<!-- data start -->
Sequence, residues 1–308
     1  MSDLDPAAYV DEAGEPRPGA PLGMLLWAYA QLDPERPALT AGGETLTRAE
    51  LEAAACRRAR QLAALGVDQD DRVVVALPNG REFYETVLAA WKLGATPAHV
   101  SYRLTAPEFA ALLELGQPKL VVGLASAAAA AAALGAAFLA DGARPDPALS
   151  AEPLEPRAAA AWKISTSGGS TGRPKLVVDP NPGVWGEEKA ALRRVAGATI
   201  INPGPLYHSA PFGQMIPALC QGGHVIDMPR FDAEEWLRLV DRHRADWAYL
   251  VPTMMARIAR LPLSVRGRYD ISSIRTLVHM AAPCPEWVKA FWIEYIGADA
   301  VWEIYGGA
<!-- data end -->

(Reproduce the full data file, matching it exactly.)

Sequence, residues 1–308
     1  MSDLDPAAYV DEAGEPRPGA PLGMLLWAYA QLDPERPALT AGGETLTRAE
    51  LEAAACRRAR QLAALGVDQD DRVVVALPNG REFYETVLAA WKLGATPAHV
   101  SYRLTAPEFA ALLELGQPKL VVGLASAAAA AAALGAAFLA DGARPDPALS
   151  AEPLEPRAAA AWKISTSGGS TGRPKLVVDP NPGVWGEEKA ALRRVAGATI
   201  INPGPLYHSA PFGQMIPALC QGGHVIDMPR FDAEEWLRLV DRHRADWAYL
   251  VPTMMARIAR LPLSVRGRYD ISSIRTLVHM AAPCPEWVKA FWIEYIGADA
   301  VWEIYGGA